June is LGBTQ+ Pride Month


On a hot summer’s night in New York on June 28, 1969, police raided the Stonewall Inn, a gay club in Greenwich Village, which resulted in bar patrons, staff, and neighborhood residents rioting onto Christopher Street outside.

Among the many leaders of the riots was a black, trans, bisexual woman, Marsha P. Johnson, leading the movement to continue over six days with protests and clashes. The message was clear — protestors demanded the establishment of places where LGBT+ people could go and be open about their sexual orientation without fear of arrest.

Pride Month is largely credited as being started by bisexual activist Brenda Howard. Known as ‘The Mother of Pride,’ Brenda organized Gay Pride Week and the Christopher Street Liberation Day Parade a year after the Stonewall Riots.

This eventually morphed into what we now know as the New York City Pride March and was the catalyst for the formation of similar parades and marches across the world.

What Happened at the Stonewall Riots?

A Timeline of the 1969 Uprising

The June 1969 riots at New York City's Stonewall Inn marked a raucous turning point in the fight for LGBT rights.

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Learn More Here

Upcoming 2022 Pride Events

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Join us this Wednesday! 


Newcomb Institute is hosting the PRIDE tent at Wednesday at the Square this Wednesday, May 25th. The free afternoon of music and fun will be held in Lafayette Square, downtown New Orleans, from 5 p.m. to 8 p.m


We'll be serving up free refreshments at the PRIDE tent, come grab a drink with us. Don't miss this opportunity to show your support and grab some great Newcomb swag!


You can check out the lineup for May 25th and learn more about the concert series here.

Lighting up Tulane Campus with Pride

For the month of June Tulane will light up Gibson with the colors of the progressive pride flag: 

The Progress Pride flag was developed in 2018 by non-binary American artist and designer Daniel Quasar (who uses xe/xyr pronouns). Based on the iconic rainbow flag from 1978, the redesign celebrates the diversity of the LGBTQ community and calls for a more inclusive society.

Quasar added a five-colored chevron to the classic Rainbow Flag to place a greater emphasis on “inclusion and progression.” Quasar’s Progress Pride Flag added five arrow-shaped lines to the six-colored Rainbow Flag, which is widely recognized as the symbol of lesbian, gay, bisexual and transgender (LGBTQ+) community.

The flag includes black and brown stripes to represent marginalized LGBTQ+ communities of color, along with the colors pink, light blue and white, which are used on the Transgender Pride Flag.

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Before the rainbow-striped Pride flag was created, the LGBTQ+ community tended to use the pink triangle as a symbol, adapted from the badge that gay prisoners were forced to wear in Nazi concentration camps. During World War II, Nazis forced gay men in camps to wear a downward-pointing triangle, with around 100,000 estimated to have been held prisoner and 65,000 thought to have been killed. The pink triangle was most famously adopted by the HIV advocacy group ACT UP.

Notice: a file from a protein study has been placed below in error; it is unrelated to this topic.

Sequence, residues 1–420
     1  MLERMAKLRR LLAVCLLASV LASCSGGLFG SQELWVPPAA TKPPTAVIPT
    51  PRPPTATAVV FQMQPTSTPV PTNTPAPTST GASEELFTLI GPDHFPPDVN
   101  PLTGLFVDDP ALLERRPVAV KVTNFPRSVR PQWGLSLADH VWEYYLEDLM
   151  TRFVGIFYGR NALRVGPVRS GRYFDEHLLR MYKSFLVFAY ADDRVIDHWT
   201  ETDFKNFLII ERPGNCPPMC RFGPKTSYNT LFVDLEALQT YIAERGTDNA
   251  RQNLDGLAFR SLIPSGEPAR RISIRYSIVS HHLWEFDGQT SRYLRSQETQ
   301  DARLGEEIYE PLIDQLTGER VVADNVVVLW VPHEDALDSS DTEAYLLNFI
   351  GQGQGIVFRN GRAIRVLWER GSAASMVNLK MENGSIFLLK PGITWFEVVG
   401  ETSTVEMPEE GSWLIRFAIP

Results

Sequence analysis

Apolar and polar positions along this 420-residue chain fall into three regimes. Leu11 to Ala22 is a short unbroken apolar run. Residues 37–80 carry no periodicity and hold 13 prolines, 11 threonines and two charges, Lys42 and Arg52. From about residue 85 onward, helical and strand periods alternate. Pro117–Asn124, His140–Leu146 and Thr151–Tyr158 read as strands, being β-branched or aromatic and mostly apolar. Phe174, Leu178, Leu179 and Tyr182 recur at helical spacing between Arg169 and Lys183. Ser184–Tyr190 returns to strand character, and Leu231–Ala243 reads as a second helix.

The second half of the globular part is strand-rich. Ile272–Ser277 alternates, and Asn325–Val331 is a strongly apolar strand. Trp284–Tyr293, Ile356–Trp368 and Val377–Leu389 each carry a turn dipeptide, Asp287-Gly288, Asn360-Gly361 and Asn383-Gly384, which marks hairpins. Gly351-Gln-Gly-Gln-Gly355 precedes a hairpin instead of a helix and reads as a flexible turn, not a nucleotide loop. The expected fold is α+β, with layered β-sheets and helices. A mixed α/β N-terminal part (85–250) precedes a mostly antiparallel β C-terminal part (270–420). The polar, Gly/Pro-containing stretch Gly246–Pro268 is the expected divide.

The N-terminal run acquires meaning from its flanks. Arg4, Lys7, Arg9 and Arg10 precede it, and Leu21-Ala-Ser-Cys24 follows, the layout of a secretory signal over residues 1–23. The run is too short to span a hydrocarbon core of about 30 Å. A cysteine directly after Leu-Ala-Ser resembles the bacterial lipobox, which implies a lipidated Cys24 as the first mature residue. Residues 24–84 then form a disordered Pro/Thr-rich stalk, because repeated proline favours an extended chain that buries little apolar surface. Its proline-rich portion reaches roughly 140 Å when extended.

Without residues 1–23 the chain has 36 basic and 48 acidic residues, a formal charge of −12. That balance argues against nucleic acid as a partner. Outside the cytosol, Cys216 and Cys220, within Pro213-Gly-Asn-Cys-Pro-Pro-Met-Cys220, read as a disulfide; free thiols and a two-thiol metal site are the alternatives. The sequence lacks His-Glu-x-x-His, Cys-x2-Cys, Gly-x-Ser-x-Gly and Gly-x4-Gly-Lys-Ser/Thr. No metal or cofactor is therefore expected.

The history of the Pride flag can be traced back to Harvey Milk, the famous San Francisco city Supervisor, and his friend Gilbert Baker in the 1970s. Baker had served in the Army, and moved to San Francisco following his honorable discharge. There, he befriended Milk, who challenged him to create a symbol for what was then more commonly called the gay community. Baker and a friend named Lynn Segerblom, also known as Faerie Argyle Rainbow, developed a rainbow version that had eight colors, with a hot pink stripe later removed because it was difficult to dye.

Krewe of Muses Thirsty Thursday PRIDE Fundraiser

Come join your sole sisters as we support Pride Month at our next Thirsty Thursday on June 9 at The Rusty Nail in the Warehouse District. 


Proceeds from the event will benefit The LGBT Community Center of New Orleans, a local, safe place for LGBTQ and allied groups to meet.

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The more we spend, the more they benefit, so bring your friends and come out to support a great cause. Non-Muses (including men) are welcome!


What: Thirsty Thursday in support of Pride Month and the LGBT Community Center of New Orleans

When: Thursday, June 9

Where: The Rusty Nail/Sidecar Patio and Oyster Bar (enter at the Rusty Nail)

             1100 Constance St, New Orleans, LA 70130

Time: 5:30pm 

New Orleans Pride 2022

About New Orleans Pride 

New Orleans Pride Weekend is officially set for June 9-12, with the Pride Parade on June 11, and you can find events all month long, including Black Pride NOLA June 30-July 3rd. 

The New Orleans Pride Parade 

The NOLA Pride Parade is June 11 from 6-10 p.m., running down Decatur across St. Louis Street to Rampart Streetand up to St. Ann. It will finish on Bourbon Street between St. Ann and Dumaine streets. Expect lots of walking groups, dance troupes, miniature floats, and lots of rainbow flags in this parade. 

Black Pride NOLA (June 30-July 3)

Enjoy events specifically for the Black LGBTQ+ community throughout the weekend of June 30-July 3, which coincides with the ESSENCE Festival of Culture. There's a white party, a shades of pink party, a LGBTQ+ awards show, and much more - find more information here. 

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More NOLA Pride Events Here

Stay tuned for more Tulane Pride Events! In our Part 2 Pride Newsletter

Office for Gender & Sexual Diversity Website
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